New student Graphic designer from Holland

I will start next December the one year course Graphic designer Creative Cloud to learn how to work professionally with Photoshop, Illustrator and InDesign.

I have to wait until December to buy all Adobe Apps because then as a student I can buy them with a discount.

Suggestions to prepare me for the course are welcome. Thanks.

Firstly; welcome.

Suggestions? Know that learning software is not the only part of being a designer. In fact, it is not even the most important part. I could do a course to learn how to use a mallet and masonry chisel. It would not make me a master stonemason.

Do you plan on doing a design degree after that – or do you have one already? If so, the rest of this post will become redundant.

If your long-term plan is to have a sustainable career as a designer, I’d strongly suggest that you need to do a design degree. In fact, truth be known, this would be preferable to doing a one-year software course. You’ll learn the software by default as you go along. Anyone can learn software. Being a designer is a whole different ball park.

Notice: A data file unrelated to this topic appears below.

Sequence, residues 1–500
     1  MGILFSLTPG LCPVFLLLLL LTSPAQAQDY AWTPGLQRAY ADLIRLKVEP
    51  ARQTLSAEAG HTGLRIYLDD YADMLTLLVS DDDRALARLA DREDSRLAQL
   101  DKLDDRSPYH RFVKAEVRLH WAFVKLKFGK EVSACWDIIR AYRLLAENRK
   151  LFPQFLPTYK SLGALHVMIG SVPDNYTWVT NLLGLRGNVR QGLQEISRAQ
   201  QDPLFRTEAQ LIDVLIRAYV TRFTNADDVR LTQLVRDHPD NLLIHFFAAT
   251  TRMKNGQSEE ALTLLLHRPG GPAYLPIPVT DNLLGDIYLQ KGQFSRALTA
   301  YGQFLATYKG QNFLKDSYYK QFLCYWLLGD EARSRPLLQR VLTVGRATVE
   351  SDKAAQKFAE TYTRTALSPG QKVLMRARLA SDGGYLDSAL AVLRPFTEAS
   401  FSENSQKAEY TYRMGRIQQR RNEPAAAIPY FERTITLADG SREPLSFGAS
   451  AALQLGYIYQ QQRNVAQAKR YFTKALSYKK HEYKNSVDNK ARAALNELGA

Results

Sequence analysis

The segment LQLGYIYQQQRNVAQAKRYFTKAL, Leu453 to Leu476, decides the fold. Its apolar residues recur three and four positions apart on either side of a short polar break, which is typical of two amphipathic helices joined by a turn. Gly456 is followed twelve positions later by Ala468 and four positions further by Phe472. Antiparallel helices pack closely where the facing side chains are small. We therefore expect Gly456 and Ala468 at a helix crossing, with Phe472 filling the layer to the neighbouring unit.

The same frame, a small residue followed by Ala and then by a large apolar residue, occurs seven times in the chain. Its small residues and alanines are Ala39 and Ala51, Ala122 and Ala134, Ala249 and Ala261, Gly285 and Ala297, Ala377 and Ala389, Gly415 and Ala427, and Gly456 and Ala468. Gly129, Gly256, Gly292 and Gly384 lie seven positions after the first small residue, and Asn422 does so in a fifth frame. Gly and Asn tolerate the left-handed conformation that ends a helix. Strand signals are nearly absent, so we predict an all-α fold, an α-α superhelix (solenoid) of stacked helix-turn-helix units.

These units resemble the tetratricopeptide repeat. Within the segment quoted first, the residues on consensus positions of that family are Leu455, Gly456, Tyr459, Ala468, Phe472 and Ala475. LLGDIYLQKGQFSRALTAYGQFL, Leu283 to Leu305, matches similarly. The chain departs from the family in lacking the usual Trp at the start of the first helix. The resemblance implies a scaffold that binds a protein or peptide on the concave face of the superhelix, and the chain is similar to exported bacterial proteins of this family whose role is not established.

I am not trying to deflate you here, but honest truth is always more useful than faint praise in the long run.

You need to look at the wider picture. Usually, (certainly in the UK – and the US), the pre-requisite to being able to call yourself a professional designer is a 3-4 year university degree (in the UK, a one-year foundation course, then a three-year bachelors degree). After that, four to five years of experience, then you might just begin to know what you are doing.

If you haven’t paid for the course yet, my advice would be to pause and rethink, with a view to looking into getting a degree-level design education – assuming you have the requisite aptitude in the first place. You have a legacy of great design education and practice in the Netherlands. In fact, there’s a Masters course I’ve always fancied doing in type design in The Hague, but my knowledge of Dutch wouldn’t even get me through the registration process!!